Quick Facts: New EU-U.S. Data Privacy Framework

Published: Jul. 12, 2023

On July 10, 2023, the European Commission (“EC”) adopted its adequacy decision for the EU-U.S. Data Privacy Framework (“DPF”), ushering in a new era of transatlantic data flows. Key points:

  • Companies can now transfer EU GDPR-regulated personal data to companies certified under the DPF without using the Standard Contractual Clauses (“SCCs”) or Binding Corporate Rules (“BCRs”).
  • Current active members of the EU-U.S. Privacy Shield are automatically members of the DPF and must revise their privacy policies to reflect this fact within three months.
  • Transfers of EU GDPR-regulated data to DPF participants do not require transfer impact assessments (“TIAs”). TIAs still are required for use of SCCs or BCRs, but the changes to U.S. law recognized by the adequacy decision mean that, in practice, the perceived deficiencies in U.S. law that led to invalidation of the Privacy Shield and to the recent record fine against Meta for reliance on the SCCs should not normally prevent those TIAs from concluding that transfers to the U.S. will receive sufficient protection. (Max Schrems begs to differ.)

Adequacy Decision 

The adequacy decision finds that, due to the changes to U.S. law discussed in the Background section below, the U.S. ensures a level of protection comparable to that of the EU for personal data transferred under the DPF. The changes are not sufficient on their own (i.e., they are insufficient to justify an unqualified determination that the U.S. legal system provides adequate protection) because the U.S. lacks a national data protection law similar to the EU General Data Protection Regulation (“GDPR”). The DPF Principles supplement this by requiring participating companies to implement EU-inspired protections in their handling of covered personal data that closely follow the requirements of the now-defunct Privacy Shield (as we’ve covered here).

Substantively, the biggest difference between the DPF Principles and the Privacy Shield Principles is that DPF participants must update their privacy policies to refer to the DPF rather than the Privacy Shield. Most other changes are procedural – for example, some additional details are required for self-certification and additional notice is required to withdraw.

Companies transferring EU GDPR-regulated personal data to DPF participants in the United States need not rely on another transfer mechanism, such as the SCCs, to protect data that is within the scope of the recipient’s DPF certification. Current active Privacy Shield members are automatically certified under the DPF and required to comply unless they formally withdraw. They do not need to file a certification until their previously scheduled Privacy Shield recertification date. A company seeking first-time certification must implement the DPF Principles, publicly declare its commitment to these Principles, post a compliant privacy policy, and certify its compliance with the Principles to the U.S. Department of Commerce. A new DPF website run by the Department will provide more information when it goes live on July 17, 2023, per an Advisory on the Privacy Shield website.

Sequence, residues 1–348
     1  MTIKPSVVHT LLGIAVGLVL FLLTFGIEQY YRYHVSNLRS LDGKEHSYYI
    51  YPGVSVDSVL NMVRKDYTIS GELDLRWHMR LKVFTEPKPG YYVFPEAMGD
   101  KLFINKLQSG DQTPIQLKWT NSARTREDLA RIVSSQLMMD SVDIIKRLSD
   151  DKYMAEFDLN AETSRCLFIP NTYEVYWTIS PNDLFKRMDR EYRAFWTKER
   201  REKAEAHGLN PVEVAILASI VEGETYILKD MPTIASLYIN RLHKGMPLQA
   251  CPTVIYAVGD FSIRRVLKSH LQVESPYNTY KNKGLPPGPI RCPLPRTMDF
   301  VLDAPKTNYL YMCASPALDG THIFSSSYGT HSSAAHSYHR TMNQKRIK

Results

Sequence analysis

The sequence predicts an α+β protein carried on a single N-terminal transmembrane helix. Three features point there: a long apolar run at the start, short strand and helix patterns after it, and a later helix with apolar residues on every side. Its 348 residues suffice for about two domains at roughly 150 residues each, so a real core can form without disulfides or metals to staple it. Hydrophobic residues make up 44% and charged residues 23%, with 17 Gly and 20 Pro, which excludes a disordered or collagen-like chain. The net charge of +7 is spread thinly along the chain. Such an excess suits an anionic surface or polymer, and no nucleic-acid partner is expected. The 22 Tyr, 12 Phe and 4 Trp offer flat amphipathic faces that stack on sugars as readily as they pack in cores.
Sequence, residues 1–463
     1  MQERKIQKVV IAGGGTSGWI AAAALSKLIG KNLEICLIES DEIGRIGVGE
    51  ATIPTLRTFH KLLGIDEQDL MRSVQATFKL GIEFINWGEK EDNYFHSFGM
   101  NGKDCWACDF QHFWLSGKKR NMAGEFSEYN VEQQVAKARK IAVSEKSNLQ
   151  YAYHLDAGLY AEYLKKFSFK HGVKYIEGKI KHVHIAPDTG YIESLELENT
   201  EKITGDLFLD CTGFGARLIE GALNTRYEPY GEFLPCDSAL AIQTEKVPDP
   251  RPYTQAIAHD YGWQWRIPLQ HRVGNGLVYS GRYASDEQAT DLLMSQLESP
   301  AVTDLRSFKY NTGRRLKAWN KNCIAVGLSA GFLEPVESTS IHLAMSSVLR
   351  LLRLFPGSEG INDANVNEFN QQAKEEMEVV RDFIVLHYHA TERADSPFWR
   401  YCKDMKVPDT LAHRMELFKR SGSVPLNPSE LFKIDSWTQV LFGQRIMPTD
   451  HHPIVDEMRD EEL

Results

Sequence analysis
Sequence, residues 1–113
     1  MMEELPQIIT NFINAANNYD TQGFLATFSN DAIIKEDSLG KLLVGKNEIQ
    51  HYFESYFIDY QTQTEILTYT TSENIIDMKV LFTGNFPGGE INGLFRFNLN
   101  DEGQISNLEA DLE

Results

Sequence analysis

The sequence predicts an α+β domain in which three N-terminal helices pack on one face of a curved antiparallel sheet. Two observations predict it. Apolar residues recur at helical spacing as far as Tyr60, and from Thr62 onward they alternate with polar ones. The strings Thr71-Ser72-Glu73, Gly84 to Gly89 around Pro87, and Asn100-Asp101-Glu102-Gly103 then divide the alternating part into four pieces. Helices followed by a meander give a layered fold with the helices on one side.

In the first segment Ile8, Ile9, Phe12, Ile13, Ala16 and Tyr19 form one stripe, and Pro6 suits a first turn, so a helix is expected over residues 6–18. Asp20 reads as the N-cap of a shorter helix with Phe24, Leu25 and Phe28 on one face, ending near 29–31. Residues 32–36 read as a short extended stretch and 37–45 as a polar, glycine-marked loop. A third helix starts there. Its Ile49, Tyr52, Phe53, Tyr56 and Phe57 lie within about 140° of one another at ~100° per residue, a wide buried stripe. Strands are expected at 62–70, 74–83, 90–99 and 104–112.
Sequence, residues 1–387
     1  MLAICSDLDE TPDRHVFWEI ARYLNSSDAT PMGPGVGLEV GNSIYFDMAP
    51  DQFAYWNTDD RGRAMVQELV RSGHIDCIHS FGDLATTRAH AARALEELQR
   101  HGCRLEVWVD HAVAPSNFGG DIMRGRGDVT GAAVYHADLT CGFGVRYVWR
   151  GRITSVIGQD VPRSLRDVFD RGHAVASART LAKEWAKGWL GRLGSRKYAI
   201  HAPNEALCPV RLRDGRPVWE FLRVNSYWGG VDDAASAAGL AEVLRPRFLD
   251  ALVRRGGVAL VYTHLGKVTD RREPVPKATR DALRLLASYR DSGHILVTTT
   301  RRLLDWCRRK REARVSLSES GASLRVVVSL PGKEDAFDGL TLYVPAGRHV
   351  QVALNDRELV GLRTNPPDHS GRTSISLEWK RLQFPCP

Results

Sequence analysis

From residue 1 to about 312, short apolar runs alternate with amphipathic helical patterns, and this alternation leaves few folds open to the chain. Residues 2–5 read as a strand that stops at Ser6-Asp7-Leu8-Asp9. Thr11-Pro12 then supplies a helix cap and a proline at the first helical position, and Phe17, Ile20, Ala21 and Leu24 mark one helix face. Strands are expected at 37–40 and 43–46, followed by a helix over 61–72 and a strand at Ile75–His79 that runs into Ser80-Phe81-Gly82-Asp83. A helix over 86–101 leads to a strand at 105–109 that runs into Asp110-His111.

As we’ve previously discussed, the adequacy decision is also important for companies that continue to transfer data under the SCCs or BCRs. The EC’s finding that Section 702 of the Foreign Intelligence Surveillance Act (“FISA 702”) and Executive Order 12333 no longer stand in the way of adequacy means that these laws and the practices thereunder no longer undermine the rights and freedoms of EEA individuals whose data is transferred to the U.S., as they were held to do in the Schrems II decision. Companies can take this into account when preparing transfer impact assessments. 

The Future of Data Transfers?

Max Schrems’ organization NOYB has already announced its intention to challenge the DPF, just as it challenged the Privacy Shield and the Safe Harbor before it. However, European Commissioner for Justice Didier Reynders remarked during an EC press conference that the EC is “very confident” in the DPF and ready to defend it. Given the significant changes to U.S. law underlying the DPF, perhaps this framework will have more staying power than its predecessors.


First proposed on March 25, 2022, the DPF is grounded in two major U.S. legal changes that were set in motion last October by Executive Order 14086 (the “EO”). These changes address the findings in the Schrems II decision that, in the court’s view, the U.S. government (1) disproportionately collected signals intelligence data under FISA 702 and Executive Order 12333 and (2) lacked effective redress for EU citizens affected by these activities. 

As we’ve previously covered, the EO placed new limits on U.S. signals intelligence activities aimed at ensuring these activities are necessary and proportionate. On July 3, 2023, the Office of the Director of National Intelligence (“ODNI”), in coordination the U.S. Intelligence Community, released policies and procedures implementing the required safeguards.

The EO also created a two-step redress process whereby individuals in “qualifying states” can submit complaints related to U.S. signals intelligence activities to a newly created office in the ODNI, which determines whether the complaints allege legal violations. Complainants can have these determinations reviewed by a new Data Protection Review Court within the Department of Justice (“DOJ”), as established by DOJ regulations. On June 30, 2023, the U.S. Attorney General conditionally designated the EEA member states as “qualifying states”. This designation became effective with the EC’s adoption of the DPF adequacy decision, enabling EEA individuals to avail themselves of the redress mechanism.